I think you need to consolidate your argument. IT does not work well. (I do not see the flow between your observations and conculusions).


and welcome.

--------------------
"If they're not gonna make a distinction between Muslims and violent extremists, then why should I take the time to distinguish between decent, fearful white people and racists?"

-Assif Mandvi

Posts: 3089 | From: Switzerland | Registered: Feb 2006  |  IP: Logged
spungo
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Icon 1 posted February 25, 2008 13:49      Profile for spungo     Send New Private Message       Edit/Delete Post   Reply With Quote 
Yeah, what he said.

Oh, and Welcome, ...err ... dude of big words. [Wink]

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Posts: 6529 | From: Noba Scoba | Registered: Jan 2002  |  IP: Logged
Elder Geek
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Icon 1 posted February 25, 2008 19:29      Profile for Elder Geek         Edit/Delete Post   Reply With Quote 
I'm a charter member geek all the way back to the slide rule, punch card and magnetic core days... when we didn't know what to do with all of that 12k of memory! (prbly tru 4 me 2) And obliviously continuing a fine tradition of non-linear thinking (What can I say, retired POTS/PBX guy with way too much time on my hands!) and I did not think to address myself globally. (And, besides I'm the 'new, old guy!', first time up! ;-)

What got me started on my 'rant'(sorry, all) was this recent post by Steen about toaster bacon

To me, the future was supposed to be here, I admit that some of that is funny, but we were 'all' supposed to be utilizing modern technology to its fullest by now! It seems to me that progress is more or less stalled by people being afraid of technology.

You are correct, Ashitaka, and that's part of what I'm trying figure out here, while much of Europe is making great strides in the right direction, all I seem to hear in the US, mainly from conservatives is how 'globalization' threatens our 'national identity!' And while I don't think that the US lends itself to socialism, at least not in the classic sense, the entire world needs to undo the urbanization of the industrial revolution and return to those smaller, more efficient communities of two centuries ago and as they are built, they should be engineered with a mindset toward collectivization, it only makes sense. And again, speaking globally, an examination of Asia would seem to support my point of view, as that part of the world was the least industrialized, it has been the most ready to 'technologize'.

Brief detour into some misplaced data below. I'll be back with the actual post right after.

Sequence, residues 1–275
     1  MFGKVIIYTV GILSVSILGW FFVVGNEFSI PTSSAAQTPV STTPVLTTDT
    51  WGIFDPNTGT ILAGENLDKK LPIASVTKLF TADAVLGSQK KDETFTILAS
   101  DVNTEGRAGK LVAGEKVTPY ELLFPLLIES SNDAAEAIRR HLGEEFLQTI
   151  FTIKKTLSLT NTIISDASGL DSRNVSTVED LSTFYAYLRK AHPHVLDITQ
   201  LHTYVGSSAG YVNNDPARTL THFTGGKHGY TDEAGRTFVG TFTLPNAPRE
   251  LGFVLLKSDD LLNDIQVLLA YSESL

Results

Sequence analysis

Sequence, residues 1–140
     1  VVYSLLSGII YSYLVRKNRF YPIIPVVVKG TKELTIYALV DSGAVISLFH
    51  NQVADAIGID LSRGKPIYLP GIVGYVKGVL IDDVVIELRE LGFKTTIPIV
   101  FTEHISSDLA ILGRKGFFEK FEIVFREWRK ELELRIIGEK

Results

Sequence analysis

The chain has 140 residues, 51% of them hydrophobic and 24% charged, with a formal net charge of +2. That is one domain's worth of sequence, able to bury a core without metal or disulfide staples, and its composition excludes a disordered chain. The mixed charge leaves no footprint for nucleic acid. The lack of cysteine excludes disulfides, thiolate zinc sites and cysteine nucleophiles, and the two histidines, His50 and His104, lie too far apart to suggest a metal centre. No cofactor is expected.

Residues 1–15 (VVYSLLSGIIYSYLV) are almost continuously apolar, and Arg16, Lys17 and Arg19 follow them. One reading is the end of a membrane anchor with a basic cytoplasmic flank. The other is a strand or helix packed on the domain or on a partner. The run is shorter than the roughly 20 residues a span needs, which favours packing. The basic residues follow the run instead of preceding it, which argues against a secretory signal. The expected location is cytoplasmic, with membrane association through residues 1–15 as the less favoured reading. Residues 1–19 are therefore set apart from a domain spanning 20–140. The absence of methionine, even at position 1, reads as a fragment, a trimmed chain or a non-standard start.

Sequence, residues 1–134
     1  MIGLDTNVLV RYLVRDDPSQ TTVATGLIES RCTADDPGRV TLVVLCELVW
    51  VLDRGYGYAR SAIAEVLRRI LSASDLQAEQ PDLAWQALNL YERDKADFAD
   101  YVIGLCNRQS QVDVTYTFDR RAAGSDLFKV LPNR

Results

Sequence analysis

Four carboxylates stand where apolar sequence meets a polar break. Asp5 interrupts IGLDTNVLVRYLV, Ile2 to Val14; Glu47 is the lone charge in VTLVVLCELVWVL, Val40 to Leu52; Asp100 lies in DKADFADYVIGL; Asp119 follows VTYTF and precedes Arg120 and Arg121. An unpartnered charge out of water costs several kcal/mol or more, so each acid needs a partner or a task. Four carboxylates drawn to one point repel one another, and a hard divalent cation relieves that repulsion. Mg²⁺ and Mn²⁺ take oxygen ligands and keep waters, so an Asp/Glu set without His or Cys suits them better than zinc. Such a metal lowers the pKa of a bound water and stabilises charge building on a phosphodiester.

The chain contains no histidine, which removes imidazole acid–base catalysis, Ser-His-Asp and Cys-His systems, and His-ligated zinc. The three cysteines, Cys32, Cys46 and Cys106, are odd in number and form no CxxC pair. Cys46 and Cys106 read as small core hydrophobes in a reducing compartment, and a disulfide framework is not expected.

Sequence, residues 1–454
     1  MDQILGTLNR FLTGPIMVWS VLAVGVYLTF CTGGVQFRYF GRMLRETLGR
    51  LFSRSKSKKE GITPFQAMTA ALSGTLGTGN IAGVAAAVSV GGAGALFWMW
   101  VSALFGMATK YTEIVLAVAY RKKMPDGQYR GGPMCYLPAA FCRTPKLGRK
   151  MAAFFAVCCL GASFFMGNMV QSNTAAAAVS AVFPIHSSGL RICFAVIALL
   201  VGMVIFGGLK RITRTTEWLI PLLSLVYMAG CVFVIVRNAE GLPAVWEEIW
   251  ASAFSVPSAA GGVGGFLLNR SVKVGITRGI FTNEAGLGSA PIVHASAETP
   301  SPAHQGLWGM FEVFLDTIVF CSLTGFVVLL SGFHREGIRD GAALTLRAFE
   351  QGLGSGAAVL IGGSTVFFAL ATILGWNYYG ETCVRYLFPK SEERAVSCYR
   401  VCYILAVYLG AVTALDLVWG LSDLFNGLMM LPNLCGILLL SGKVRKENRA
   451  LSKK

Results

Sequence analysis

It just seems to me that among most of my older USA non-geek counterparts, modern technology is just like fire was to the Neanderthals, they are afraid of it and they do not understand it! Big Brother and the inability to do a simple c'n'p, but they do seem have a 'heavy industry' mindset along with all the changes that came to be along with it and as a result of it, proudly proclaimed as the 'conservative' point of view.

So my fine young geekTNGers across the galaxy,

Do you find the same thing to be true with your non-geek counterparts,

Are these people living in the stone age or what?

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'I can assure you that the world is not exactly flat'

Posts: 2 | From: Somewhere East Of Midnight, USA | Registered: Feb 2008  |  IP: Logged
Ashitaka

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Icon 1 posted February 26, 2008 00:34      Profile for Ashitaka     Send New Private Message       Edit/Delete Post   Reply With Quote